Nicole Cherian (20) a resident of Bengaluru and her cousins have been helping with the burial of COVID-19 patients.
‘Dignity in death is the birthright of each living thing,’ these were the words of Bhagat Puran Singh. Unfortunately, with an ever-increasing number of people passing away due to COVID-19, it seems that the virus takes away its victim’s dignity in death as well.
The sudden rise in demises puts immeasurable pressure on the graveyard and crematorium infrastructure and their under-appreciated and uncared-for staff.
However, in a moment of hope, even in the end, there are also young people like Nicole Cherian, Tina Cherian, and Samuel Joseph, who are working overtime to provide the dead dignity during their final journey.
Nicole Cherian (20) is a final year student of social work at St. Josephs College of Arts and Science in Bengaluru. For the last week or so, after she gets done with her online classes, she leaves home in the afternoon and heads to the graveyard nearby. Once there, she and her cousins, Tina Cherian (21) and Samuel Joseph (38) assist in giving COVID-19 victims a decent send-off.
Given the situation, there are no final goodbyes, no wakes, and no memorial services, or even people to dig graves and bury their loved ones. There have also been instances when the family is scared to go into the room of a COVID-19 patient, and when the body reaches the graveyard, it is in a state of decomposition.
Nicole says, “There are times when a COVID-19 patient dies alone in isolation and in such cases, we have a team that goes, wraps up the body and brings it back to the graveyard in an ambulance. Sometimes the family can gather for the final send-off, and sometimes it’s just us, volunteers.”
“On average, there are about 20 bodies that are being brought in every day. The maximum we have seen is upwards of 25, and the minimum has been at 15,” says Nicole in conversation with The Better India.
What happens at the graveyard?
Once at the site, the volunteers get into their PPE suits and are ready for the job. “Once the ambulance comes in, about 5 to 6 of us take a trolley/stretcher and get the body out of the ambulance. If the body is too heavy, we shift it into a body bag and then onto a stretcher. The body is then carried to the burial site, and we lower the coffin once the priest is done with the prayers,” says Tina a final year medical student at Kasturba Medical College, Mangalore.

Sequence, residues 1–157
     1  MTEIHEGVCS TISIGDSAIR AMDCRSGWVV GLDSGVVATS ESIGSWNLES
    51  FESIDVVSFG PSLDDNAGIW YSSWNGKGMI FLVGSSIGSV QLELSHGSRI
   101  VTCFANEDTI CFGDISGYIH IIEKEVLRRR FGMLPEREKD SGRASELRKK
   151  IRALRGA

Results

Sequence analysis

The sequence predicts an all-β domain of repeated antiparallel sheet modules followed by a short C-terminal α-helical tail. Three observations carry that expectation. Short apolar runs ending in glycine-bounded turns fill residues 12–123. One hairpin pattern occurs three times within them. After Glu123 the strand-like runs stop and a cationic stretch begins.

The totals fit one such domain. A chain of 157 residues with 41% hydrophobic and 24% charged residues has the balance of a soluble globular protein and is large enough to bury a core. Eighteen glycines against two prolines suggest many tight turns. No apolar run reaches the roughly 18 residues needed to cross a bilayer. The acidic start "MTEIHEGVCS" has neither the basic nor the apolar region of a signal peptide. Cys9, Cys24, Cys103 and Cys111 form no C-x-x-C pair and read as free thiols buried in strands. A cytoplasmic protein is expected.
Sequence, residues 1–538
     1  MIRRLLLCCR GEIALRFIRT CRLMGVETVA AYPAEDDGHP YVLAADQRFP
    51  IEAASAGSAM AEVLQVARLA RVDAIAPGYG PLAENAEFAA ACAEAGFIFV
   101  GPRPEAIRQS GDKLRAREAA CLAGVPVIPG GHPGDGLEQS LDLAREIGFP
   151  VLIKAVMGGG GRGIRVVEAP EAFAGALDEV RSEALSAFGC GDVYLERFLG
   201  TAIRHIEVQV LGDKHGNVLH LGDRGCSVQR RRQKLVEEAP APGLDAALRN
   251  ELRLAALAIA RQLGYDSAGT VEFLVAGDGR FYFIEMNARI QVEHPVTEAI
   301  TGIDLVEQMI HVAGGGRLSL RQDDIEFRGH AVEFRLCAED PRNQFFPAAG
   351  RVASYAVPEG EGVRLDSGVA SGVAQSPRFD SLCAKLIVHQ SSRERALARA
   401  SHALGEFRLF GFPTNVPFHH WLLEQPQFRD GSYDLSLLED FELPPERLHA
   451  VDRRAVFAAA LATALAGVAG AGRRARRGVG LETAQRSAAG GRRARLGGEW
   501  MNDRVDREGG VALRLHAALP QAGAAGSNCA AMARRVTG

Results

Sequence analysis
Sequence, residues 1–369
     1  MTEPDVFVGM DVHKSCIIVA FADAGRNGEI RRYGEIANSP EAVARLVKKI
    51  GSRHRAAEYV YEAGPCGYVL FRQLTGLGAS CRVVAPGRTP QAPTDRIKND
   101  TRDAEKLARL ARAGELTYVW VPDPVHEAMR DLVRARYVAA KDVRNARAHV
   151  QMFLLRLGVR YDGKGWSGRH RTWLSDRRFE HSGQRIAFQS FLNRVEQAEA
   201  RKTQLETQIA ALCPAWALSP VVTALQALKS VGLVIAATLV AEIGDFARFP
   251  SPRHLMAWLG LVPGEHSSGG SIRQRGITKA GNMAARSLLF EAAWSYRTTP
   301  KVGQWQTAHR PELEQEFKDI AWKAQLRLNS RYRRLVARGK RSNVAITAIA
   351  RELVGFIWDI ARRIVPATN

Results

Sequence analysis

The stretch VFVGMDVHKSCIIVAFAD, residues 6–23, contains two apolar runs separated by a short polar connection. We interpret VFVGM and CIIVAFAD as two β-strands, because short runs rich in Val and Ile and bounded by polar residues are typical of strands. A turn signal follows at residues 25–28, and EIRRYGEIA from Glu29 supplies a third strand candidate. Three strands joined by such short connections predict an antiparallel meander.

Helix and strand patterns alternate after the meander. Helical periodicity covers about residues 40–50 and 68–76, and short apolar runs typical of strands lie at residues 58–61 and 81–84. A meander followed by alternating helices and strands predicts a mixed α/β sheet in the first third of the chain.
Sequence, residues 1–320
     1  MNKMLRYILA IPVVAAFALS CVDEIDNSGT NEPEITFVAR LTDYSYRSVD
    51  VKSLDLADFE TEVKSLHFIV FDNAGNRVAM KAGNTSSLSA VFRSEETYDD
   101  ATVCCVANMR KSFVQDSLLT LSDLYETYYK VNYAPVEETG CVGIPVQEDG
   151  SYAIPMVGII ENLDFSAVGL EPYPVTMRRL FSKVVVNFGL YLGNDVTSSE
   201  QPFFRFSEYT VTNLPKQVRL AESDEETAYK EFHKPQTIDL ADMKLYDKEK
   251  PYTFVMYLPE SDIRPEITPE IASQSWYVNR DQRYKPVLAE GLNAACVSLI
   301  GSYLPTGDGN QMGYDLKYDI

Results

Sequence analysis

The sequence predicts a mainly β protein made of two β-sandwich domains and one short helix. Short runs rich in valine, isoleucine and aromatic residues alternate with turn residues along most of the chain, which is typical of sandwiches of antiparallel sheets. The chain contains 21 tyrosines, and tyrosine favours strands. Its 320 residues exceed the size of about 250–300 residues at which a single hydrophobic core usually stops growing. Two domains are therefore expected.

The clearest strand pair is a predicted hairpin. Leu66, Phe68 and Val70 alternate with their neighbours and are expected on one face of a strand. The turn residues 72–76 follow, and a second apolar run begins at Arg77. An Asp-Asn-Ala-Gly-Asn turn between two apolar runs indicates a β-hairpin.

When asked if she feels a sense of fear, Nicole is quick to say, “no,” and goes on, “there are moments when fear takes over, especially when one reads all the stories about COVID-19 doing the rounds. But, honestly, it is with a strong mind that I can go on with what I am doing.”
“We are taking all precautions to ensure safety, but at the back of my mind, there is a small fear. I know I am meant to do this, so I will go on.”
There are challenges that the volunteers face and speaking about it, Tina says, “There was a body of a rather big man, and as we tried to lower the body, we realised that the grave was not big enough. We were six of us handling the body and it was physically difficult even then. We had to pull the body back on top and even though there was mud on the body, it had to be done. We did all of it, got the grave dug bigger and buried the body. There was such a collective sigh of relief after we managed to bury the body.” Nicole recollects just sitting by the gravesite after it was done, feeling a sense of exhaustion, both physically and emotionally.
There are also poignant moments when family members come and thank the volunteers for the service they are so selflessly performing. “There was a lady who was weeping but even in that state made it a point to thank us for what we are doing,” says Tina.
What does it mean to be a volunteer at the graveyard?
Nicole is one of the younger volunteers, and when asked how she deals with this kind of tragedy every day, she says, “I am surrounded by immense love at home, from my family. I have always seen my father [Mathew Cherian] do so much to help those in need and those less privileged. I am glad to be of help at this juncture.” While Nicole tends to invest emotionally in the work that she is doing, Samuel says that he looks at it as something that needs to be done. “I find that I am detached from it and do not invest emotionally.”
For Samuel, a former pilot with Etihad, volunteering at the graveyard leaves him with a sense of being blessed. “We see so many people who have lost their family members and going through such tough times, that it leaves me with a sense of gratefulness. I am happy to be in a position that lets me help.” The first few times, when one is surrounded with the pain and misery, it hits hard. However, Samuel says that he tries to disconnect and not get emotionally invested in the pain he sees around.
(Edited by Vinayak Hegde)